John Zorn begins his 38-minute musical treatise, Tractatus Musico-Philosophicus with a bitten reed while racing up and down the keys of his saxophone. What remains is some of the most interesting music in modern jazza wonderful treatise on the absurdity of life. Zorn wrote and plays all the instruments on this fascinating albumand the soundscapes he creates run the gamut from harsh confusion to mellow contemplation.
Zorn's collage of sound creates a bold and awakening listening experience. At times his keyboard playing can sound like Paul Bley, searching in the darkness for some form of intimacy. Voices arise in the backgroundlike someone speaking to you in a dream. There are the occasional shrieks and utterances like "logical forms are without number," "belief in the causal nexus," or simply the letter "m." You can hear soldering. Crickets. Howls of some wolf. Heartbeats. The sound of vinyl spinning on a turntable. An organ that suggests a soap opera surprise. And, best of all, you get Zorn's wailing saxophone!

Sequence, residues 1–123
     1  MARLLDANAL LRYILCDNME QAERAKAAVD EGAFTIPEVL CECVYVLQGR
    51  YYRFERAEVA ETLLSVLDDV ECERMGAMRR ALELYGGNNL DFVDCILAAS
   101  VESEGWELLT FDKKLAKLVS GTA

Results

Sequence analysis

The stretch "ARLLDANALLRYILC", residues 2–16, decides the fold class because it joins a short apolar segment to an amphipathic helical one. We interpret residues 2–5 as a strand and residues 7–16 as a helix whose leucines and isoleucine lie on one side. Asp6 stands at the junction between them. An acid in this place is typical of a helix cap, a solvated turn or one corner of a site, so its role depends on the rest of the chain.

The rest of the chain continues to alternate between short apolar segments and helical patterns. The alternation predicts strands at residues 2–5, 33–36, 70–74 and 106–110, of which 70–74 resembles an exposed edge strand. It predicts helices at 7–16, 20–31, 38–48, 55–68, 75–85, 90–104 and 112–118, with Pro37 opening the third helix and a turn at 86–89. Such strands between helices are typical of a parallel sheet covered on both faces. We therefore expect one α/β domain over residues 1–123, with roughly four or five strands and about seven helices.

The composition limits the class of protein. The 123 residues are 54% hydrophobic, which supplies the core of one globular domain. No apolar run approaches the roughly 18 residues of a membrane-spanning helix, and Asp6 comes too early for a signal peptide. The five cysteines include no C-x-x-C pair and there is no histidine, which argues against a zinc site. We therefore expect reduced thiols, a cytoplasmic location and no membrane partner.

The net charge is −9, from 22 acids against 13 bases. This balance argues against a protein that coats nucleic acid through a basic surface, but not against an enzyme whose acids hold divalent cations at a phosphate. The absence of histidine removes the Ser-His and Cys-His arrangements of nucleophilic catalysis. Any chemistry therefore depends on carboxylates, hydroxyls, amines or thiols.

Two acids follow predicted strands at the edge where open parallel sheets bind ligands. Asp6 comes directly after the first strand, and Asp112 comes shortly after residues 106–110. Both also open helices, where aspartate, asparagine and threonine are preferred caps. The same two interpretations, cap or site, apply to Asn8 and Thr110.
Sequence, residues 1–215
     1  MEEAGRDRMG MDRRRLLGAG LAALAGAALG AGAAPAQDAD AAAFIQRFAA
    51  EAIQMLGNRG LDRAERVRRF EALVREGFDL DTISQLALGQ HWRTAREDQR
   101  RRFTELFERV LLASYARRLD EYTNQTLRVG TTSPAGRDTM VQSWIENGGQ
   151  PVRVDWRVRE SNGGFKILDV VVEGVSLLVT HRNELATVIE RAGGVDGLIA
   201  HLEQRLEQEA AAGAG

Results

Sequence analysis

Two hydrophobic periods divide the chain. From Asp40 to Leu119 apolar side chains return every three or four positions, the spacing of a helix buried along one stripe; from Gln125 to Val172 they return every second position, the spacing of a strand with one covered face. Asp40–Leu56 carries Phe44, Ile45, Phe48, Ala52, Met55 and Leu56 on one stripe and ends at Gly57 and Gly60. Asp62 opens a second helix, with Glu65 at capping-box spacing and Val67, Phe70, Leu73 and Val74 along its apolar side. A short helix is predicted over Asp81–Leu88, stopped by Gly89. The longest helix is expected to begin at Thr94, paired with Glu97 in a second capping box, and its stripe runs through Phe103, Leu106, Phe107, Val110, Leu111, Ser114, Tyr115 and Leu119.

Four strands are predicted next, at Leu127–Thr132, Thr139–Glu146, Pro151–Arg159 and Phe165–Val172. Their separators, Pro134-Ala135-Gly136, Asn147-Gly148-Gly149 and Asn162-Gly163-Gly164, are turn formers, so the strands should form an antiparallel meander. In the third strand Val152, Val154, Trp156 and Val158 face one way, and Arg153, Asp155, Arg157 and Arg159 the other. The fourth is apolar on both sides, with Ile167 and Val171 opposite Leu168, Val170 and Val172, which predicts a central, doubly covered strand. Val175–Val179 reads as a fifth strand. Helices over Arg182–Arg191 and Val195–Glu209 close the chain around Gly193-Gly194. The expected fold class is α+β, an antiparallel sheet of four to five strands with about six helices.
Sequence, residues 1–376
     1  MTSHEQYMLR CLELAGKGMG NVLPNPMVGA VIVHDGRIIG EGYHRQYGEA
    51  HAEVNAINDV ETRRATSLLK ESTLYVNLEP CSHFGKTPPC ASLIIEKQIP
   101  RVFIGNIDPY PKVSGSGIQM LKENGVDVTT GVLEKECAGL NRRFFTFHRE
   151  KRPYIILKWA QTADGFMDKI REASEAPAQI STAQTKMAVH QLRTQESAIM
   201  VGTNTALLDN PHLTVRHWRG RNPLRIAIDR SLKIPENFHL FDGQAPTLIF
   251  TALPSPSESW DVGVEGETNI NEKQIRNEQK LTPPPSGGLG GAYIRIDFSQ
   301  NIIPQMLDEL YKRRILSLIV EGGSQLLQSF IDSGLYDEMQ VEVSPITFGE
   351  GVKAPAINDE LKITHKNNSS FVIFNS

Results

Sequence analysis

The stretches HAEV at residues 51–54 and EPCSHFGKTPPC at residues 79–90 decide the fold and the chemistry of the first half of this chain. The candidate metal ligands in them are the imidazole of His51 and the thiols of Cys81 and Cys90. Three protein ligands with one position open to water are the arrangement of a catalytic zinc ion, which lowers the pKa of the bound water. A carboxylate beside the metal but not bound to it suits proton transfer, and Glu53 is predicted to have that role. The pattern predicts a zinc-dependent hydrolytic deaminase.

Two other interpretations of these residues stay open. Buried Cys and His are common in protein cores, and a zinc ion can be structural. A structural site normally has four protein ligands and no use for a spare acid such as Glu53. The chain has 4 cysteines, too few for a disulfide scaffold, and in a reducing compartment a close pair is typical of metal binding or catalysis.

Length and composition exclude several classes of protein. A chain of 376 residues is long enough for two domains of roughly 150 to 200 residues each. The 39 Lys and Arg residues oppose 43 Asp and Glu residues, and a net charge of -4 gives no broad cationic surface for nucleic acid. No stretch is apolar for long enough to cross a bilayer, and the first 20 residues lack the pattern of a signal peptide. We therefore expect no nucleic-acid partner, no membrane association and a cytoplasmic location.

One certainly can be entertained by the novelty of this endeavor. But it goes much deeper. This is an assault on consciousnessa consciousness that remains grounded in the mundane effort of living in alienation. There is at times an expressed angeras though Zorn is shaking his fist at what he sees around him. One can at times hear growls beneath an extended distorted guitar lineas though food is being devoured like a pig might eat slop. Birds tweet angrilydisturbed from their nesting into worry at some predator. Most unusual are the use of "game" callswho else uses sounds elicited by tools that lure animals to their death?
In short, Tractatus Musico-Philosophicus represents another step in Zorn's evolving vocabularya vocabulary rich and suggestive, symbolic and surreal, sinister and absurd. It is as if he has left the world of music as we know it and is on his own personal trajectory. We the listeners are better off because of his journey.
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